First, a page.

James O'Brien 10am - 1pm
Knife Crime: This Row Over Police "Racism" Got VERY Angry
12 November 2018, 08:56
This debate about knife crime got extremely fiery after one guest said the police are bordering on fascistic over how they are dealing with the crisis.
Kofi Mawuli Klu from the Pan African Reparations Coalition made the claims while speaking to Tom Swarbrick as they discussed how police should deal with the spiralling problem of fatal stabbings in Britain.
It came after Trevor Phillips, the former chairman of the Equality and Human Rights Commission said police officers should be exempt from race discrimination laws in order to target black youths in high crime areas.
Mr Phillips said that "white liberals" need to stop "hand-wringing" and admit the truth that the wave of knife crime is black children killing black children.
Former firearms officer Roger Gray agreed, bur Mr Klu fired back, saying: "This is absolute ignorance. This is tosh.
"If you are serious about crime, you have to go to the root causes of the crime an race is at the root of what is happening within our black communities.
"We have the police asking for more powers in order to set this country on the road of fascistisation."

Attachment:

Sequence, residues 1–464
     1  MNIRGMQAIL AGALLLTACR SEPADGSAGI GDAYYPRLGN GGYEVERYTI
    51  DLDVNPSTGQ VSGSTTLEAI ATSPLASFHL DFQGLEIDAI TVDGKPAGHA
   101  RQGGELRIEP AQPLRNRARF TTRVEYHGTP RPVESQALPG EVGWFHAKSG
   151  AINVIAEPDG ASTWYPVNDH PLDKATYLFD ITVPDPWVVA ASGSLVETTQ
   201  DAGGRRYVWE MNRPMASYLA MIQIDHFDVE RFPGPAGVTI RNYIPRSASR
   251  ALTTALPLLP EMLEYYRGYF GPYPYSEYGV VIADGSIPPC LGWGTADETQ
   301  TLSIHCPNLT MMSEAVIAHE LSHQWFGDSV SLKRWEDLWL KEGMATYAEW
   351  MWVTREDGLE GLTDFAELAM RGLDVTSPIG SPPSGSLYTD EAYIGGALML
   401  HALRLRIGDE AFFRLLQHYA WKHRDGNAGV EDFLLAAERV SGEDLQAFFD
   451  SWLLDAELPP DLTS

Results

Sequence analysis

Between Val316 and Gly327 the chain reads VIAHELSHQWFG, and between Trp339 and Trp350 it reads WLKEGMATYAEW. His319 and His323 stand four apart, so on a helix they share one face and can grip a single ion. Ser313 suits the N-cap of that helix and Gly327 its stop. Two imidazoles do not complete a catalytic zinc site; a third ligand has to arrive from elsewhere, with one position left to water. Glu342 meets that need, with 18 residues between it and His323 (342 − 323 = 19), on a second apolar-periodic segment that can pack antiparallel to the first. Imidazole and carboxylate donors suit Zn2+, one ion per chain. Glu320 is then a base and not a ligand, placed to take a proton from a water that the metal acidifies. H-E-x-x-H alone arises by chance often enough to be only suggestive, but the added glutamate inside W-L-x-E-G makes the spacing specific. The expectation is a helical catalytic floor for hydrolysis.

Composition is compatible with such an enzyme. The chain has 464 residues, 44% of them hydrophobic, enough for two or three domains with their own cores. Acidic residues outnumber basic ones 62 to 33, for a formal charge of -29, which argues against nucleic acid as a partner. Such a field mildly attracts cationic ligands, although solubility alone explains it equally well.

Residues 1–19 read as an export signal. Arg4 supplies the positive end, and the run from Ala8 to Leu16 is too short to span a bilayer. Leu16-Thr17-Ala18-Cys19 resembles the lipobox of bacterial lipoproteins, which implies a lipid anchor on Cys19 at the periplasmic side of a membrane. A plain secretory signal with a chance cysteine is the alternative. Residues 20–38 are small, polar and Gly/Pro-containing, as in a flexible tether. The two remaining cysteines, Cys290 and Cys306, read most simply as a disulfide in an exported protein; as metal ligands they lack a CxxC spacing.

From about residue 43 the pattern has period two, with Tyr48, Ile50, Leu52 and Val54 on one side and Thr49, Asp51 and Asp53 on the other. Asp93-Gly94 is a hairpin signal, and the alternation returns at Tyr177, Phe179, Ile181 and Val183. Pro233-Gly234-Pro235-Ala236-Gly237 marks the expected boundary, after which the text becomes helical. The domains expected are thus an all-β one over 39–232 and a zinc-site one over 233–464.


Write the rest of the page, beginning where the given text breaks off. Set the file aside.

When Mr Klu insisted the knife crime crisis goes back to slave times, Mr Gray responded: "I don't really want to listen to this. This is ludicrous.
"We need to get to the core issues and the most immediate thing is that young men are dying and we've seen parents in terrible grief over this. The police service cannot deal with social issues."
Tom told Mr Klu: "You are blaming slavery for the problems that we're seeing on our streets. You are using it as an historical means to create the circumstances in which the crimes are taking place.
"Your solution is to try to get the police to teach?"
But he responded: "Contemporary problems have historical root causes. If a policeman doesn't understand this, he's just a robotised zombie who needs to be locked up in a mental asylum."
Listen to the incredible row in the video at the top of the page.